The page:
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Residents question planned $27.5 million animal shelter

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Shelter could be built at Adams County Fairgrounds

By Andrea Tritschler

Some neighbors have concerns about a planned $27.5 million animal shelter and dog park and some other proposed changes at the Adams County Fairgrounds at 9755 Henderson Road.

About 50 residents attended a meeting at the Waymire Dome at the fairgrounds, formally called the Adams County Regional Park, to express their concerns on Tuesday, April 4. The new shelter and dog park is in the county’s 2017 Parks and Open Space Master Plan.

“We already have a working facility,” said Jane Schindler, a neighbor to the fairgrounds property. “It was built in 2002 and upgraded in 2005, and now it’s obsolete?”

Studies at the current shelter – a retrofitted warehouse at 10705 Fulton St. – show it would cost about the same to upgrade the current facility as to build a new facility, said Jim Pfeiffer, architect for the project. But building new infrastructure for the new shelter would benefit the regional park, and it would be more convenient for residents to access, Pfeiffer said.

There are no sidewalks at the current shelter, making it hard to take dogs out for walks, said Stephanie Wilde, director of the Adams County Animal Shelter. Many of the animals there are kept kenneled 24/7, she said.

“The current shelter is in a really tough location,” Wilde said. “It’s in an industrial area, sandwiched along railroad tracks, a crane and chemical plant. “It’s not a people- or pet-friendly place” 

Of the planned $27.5 million budget for the animal shelter and dog park, $22 million is planned building cost and the other $5.5 million is devoted to infrastructure costs, Pfeiffer said.

Schindler said she has lived on Riverdale Road for more than 40 years. She worries that increased traffic would disrupt the historic nature of the road.

“We were told they looked at many different locations based on criteria, but where else were they looking?” Schindler said. “They wouldn’t tell us what else was considered.”

Resident Gary Priola questioned why county officials did not consider an 11-acre parcel near 136th Avenue and the South Platte River that he thought could accommodate a 45,000-square-foot shelter.

“All the amenities are there, and it would raise it off the flood plain,” Priola said. “I was told that’s where it was going to be.”

It wasn’t until February that neighbors found out that the shelter might be built closer to home, Priola said. Many of their concerns relate to noise and wanting to conserve open space and agriculture, which they say would happen with the new plan.

Wilde said county officials are trying to use the community input received in the past to make decisions, and modern animal shelters are built to control noise levels.

“We had a set list of criteria from what we know and from community engagement,” Wilde said. “We looked at impact.”

The Adams County Animal Shelter takes in 6,000 stray, abandoned and neglected animals a year. It provides vaccinations, medications and microchips for dogs and cats. It also serves as the area’s emergency shelter, taking in other animals and reptiles.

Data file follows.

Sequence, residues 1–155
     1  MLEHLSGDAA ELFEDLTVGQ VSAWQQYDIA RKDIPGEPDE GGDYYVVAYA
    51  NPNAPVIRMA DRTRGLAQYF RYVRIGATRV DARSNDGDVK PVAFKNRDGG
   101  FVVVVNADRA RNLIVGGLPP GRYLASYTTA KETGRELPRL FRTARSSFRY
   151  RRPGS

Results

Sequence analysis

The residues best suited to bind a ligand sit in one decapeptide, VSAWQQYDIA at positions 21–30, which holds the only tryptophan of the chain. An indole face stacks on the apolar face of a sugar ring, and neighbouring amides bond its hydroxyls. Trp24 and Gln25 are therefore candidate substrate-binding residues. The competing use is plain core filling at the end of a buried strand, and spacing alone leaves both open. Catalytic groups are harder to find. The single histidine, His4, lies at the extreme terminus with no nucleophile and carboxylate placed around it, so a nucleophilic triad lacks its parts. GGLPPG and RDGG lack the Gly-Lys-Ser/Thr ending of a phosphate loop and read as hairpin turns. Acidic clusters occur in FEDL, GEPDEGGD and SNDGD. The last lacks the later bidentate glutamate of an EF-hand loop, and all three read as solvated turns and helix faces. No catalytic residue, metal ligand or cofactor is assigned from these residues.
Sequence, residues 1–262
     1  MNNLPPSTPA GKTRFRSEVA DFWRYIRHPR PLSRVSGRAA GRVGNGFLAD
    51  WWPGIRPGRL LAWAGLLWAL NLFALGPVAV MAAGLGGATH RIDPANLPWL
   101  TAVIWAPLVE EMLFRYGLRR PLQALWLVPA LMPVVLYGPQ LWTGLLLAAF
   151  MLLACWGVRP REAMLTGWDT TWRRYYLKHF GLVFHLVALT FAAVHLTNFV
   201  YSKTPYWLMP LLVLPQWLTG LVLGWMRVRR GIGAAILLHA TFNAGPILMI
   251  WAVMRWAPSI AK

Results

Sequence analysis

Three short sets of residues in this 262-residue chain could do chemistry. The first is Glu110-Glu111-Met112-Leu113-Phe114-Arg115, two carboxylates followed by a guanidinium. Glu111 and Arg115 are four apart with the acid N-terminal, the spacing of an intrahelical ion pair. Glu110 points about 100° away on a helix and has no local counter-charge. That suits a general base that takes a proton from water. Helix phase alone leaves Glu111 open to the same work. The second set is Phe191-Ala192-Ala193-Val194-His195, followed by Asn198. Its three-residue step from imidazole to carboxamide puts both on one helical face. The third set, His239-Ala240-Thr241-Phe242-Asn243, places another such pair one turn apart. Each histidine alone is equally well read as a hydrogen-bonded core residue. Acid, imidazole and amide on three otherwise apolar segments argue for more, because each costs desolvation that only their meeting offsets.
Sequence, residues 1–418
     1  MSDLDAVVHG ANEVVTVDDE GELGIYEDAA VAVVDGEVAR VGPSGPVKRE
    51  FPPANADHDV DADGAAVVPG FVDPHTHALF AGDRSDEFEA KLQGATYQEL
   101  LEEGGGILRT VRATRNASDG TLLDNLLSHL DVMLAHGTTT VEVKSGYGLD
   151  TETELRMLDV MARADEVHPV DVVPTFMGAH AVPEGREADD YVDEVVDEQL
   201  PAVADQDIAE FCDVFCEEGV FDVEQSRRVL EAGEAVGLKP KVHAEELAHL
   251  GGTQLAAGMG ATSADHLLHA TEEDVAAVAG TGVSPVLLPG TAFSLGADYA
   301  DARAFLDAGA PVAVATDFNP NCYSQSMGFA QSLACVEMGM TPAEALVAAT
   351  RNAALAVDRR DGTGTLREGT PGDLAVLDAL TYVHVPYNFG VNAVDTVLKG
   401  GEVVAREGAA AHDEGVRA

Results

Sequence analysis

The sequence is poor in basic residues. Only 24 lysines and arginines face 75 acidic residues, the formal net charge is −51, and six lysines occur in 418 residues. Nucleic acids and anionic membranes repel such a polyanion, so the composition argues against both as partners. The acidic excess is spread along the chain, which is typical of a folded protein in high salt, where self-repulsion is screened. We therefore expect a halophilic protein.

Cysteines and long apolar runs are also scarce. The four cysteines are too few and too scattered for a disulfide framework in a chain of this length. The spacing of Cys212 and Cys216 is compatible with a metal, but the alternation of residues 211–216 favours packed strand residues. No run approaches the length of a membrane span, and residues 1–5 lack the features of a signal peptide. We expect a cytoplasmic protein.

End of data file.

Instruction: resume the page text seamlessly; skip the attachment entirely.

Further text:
When animals don’t get adopted they remain at shelters longer, which means they are more likely to get sick or diseased, which requires medication at the cost of the shelter.

The current shelter has open ceilings, which makes it hard to control airborne disease, according to Wilde

“High-stress, high-disease shelters prevent adoptions and rates drop, raising the costs of the shelter,” Wilde said. ”It’s a public health and safety issue. “

But those who spoke at the meeting said they aren’t as concerned by the problems of the current shelter as making sure agricultural preservation continues at the fairgrounds.

Ken and Cheryl McIntosh, who own a dairy farm south of 120th Avenue, sold land to the county to remain open under a conservation easement. They said they’re irritated that the land may be developed rather than stay undeveloped. 

Gloria Cundall, director of the Good Luck 4-H Club, had similar thoughts.

“It’s inconsistent,” Cundall said. “Take what we have and make it better. Don’t redesign it. Adams County needs to support Adams County.”

 

The county’s animal shelter and dog park plan are part of the larger Regional Park Master Plan update. Every few years, county officials said they adjust the master plan to reflect the community’s changing needs.

 

The new master plan includes some major changes and upgrades:

-       a new indoor arena

-       moving the county fair grandstands to the south of the property

-       an RV camping park

-       an “adventure park” for children and adults

-       tent camping facilities

-       moving the museum and other administration buildings to the south

-       new trails

-       new covered stall areas

-       new stormwater systems

-       more connections between the north and south areas of the fairgrounds

-       agricultural spaces

-       increased parking and alternative road access

 

Multiple designs by firm Designworks were presented to residents during an input meeting on April 4. Although designs aren’t final, residents expressed discontent with some of the changes when polled by officials.

Almost 40 percent of those in attendance said they didn’t care for either of the two options presented and wanted to see more agricultural uses, including “agritourism” options. The county plans to look at the feedback and re-work some of the design elements. Cost estimates for the upgrades were not immediately made available to the press.